Top 5 Social Sustainability Examples You Need To Know

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by KnowESG
Image of diverse people placing down their hands in cohesion

When discussing the three pillars of sustainability: the economic, environmental, and social, the latter should not be overlooked. Often referred to as “ethical sustainability”, it is just as critical - if not even more so - than economic and environmental strength. Without a firm foundation based in ethics and social values, we cannot hope to maintain the other two branches of sustainable development moving forward. 

What Is Social Sustainability?

We can simplify sustainability as ‘people, planet, and profit', the ‘Triple Bottom Line' approach. The priority here is on people, the rest follows. Social sustainability takes into consideration human welfare, rights and liberties, workplace atmosphere, and more.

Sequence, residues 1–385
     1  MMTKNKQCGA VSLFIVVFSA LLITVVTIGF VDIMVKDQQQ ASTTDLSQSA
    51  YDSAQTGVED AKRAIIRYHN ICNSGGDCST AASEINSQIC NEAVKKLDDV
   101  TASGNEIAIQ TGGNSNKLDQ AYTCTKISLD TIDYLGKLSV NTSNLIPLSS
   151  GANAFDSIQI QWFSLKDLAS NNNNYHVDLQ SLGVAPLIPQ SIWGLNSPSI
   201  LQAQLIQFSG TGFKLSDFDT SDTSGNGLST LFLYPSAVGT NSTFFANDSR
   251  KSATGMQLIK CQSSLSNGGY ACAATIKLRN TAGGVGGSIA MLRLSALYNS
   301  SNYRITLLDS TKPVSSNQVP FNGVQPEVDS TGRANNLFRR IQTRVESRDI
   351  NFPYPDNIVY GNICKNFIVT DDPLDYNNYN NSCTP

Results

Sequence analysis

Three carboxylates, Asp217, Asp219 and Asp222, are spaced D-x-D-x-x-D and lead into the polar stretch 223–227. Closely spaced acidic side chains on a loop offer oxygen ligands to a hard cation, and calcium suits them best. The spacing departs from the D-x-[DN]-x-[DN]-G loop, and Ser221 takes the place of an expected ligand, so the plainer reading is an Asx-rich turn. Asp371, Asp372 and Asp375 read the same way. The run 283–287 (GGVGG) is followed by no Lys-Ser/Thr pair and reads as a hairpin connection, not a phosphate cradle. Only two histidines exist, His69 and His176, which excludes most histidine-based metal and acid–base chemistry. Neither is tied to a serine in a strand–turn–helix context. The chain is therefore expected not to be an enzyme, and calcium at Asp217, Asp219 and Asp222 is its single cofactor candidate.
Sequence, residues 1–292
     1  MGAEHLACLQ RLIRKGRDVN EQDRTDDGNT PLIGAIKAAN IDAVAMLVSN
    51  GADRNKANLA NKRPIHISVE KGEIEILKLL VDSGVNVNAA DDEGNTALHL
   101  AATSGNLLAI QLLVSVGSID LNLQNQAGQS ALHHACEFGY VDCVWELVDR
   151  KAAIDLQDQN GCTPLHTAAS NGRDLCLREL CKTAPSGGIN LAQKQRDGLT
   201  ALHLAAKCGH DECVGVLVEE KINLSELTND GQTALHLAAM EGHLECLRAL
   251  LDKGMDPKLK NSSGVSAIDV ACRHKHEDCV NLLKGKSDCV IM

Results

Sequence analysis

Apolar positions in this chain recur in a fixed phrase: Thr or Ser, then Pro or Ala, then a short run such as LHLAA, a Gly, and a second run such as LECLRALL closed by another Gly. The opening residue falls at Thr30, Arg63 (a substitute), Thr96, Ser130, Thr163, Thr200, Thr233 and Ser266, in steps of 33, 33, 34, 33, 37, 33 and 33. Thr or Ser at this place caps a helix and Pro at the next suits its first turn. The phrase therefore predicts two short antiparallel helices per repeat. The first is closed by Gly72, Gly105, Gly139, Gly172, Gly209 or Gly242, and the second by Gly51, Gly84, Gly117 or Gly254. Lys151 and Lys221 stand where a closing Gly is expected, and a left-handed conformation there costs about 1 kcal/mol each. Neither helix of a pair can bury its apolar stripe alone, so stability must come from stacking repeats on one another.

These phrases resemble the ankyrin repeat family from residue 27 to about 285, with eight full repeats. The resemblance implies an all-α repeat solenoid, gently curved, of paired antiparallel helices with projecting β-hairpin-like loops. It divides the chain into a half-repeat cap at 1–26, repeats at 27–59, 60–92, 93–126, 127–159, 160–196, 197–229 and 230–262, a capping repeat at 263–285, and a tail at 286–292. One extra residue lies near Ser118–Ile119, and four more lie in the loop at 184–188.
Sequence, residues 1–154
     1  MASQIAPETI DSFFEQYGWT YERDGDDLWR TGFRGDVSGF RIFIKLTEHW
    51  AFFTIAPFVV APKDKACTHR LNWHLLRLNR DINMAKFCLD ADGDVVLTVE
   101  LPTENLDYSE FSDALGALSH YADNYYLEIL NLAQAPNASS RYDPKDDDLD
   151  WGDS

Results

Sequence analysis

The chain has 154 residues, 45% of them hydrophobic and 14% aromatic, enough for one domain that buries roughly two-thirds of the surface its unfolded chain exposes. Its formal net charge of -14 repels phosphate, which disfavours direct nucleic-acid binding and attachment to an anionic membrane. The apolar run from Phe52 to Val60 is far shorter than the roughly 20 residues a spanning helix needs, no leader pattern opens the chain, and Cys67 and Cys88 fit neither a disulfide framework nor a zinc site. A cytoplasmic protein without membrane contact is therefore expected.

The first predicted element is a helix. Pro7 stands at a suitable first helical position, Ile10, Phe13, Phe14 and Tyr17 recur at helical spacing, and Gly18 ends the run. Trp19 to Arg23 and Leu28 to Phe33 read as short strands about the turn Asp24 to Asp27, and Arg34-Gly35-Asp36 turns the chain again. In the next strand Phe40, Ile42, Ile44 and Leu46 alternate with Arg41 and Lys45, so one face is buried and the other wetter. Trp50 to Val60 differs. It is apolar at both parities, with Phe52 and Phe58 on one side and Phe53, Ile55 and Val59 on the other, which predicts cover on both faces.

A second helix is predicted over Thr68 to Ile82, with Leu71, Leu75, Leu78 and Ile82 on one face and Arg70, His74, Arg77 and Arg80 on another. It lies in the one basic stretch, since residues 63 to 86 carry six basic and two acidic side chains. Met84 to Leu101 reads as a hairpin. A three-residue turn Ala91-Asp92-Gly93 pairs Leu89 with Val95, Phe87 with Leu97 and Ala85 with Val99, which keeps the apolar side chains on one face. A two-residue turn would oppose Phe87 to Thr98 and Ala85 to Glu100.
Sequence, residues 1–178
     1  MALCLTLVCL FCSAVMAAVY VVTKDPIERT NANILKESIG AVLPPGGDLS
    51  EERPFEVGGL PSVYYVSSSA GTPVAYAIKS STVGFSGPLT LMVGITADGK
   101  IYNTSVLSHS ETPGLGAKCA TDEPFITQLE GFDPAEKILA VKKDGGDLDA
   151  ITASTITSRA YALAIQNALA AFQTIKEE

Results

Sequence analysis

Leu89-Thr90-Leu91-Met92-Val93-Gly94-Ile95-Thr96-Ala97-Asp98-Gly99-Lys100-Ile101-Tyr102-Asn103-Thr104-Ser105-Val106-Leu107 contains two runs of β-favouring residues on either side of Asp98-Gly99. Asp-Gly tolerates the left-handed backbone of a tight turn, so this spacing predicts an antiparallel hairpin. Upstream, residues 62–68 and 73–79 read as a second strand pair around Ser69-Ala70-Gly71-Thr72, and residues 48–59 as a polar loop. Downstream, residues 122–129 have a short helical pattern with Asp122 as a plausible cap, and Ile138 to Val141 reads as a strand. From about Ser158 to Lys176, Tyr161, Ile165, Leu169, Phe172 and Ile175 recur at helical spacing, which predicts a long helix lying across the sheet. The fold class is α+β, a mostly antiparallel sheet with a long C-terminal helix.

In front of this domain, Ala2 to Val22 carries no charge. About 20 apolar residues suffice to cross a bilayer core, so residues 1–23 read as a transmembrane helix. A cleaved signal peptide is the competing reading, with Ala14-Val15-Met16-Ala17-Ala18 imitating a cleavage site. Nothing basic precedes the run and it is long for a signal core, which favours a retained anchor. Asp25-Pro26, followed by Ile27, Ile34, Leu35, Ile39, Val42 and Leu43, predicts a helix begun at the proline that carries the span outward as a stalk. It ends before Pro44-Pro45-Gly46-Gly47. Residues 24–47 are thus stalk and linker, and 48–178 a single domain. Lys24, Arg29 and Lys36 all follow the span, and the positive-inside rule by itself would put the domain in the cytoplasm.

In regards to Environmental-Social-Governance (ESG), ethical and social sustainability is only one part of the larger picture. However, keep in mind social sustainability focuses on the overall ‘wide-lens' goal for sustainability: to ensure our current needs are met without compromising those of future generations.

Types of Social Sustainability

Social sustainability is relevant in almost every sphere of society. Some examples are easy to comprehend, while others may be more difficult. At its core, social and ethical sustainability involve being mindful of the physical, mental, and emotional well-being of those around us. There are countless ways to achieve social sustainability through a balanced approach based on your surroundings, as well as your own position within it.

For example, for a retail manager, it is imperative that you ensure your team has the resources they require to perform their jobs efficiently and with excellence. You must also provide an atmosphere of wellness and safety so that your employees are content while they work - free from mental strain or anguish. We must not overlook other important elements such as corporate social responsibility and community welfare services for those in need, equal educational opportunities for all, access to healthcare for disadvantaged populations, and more.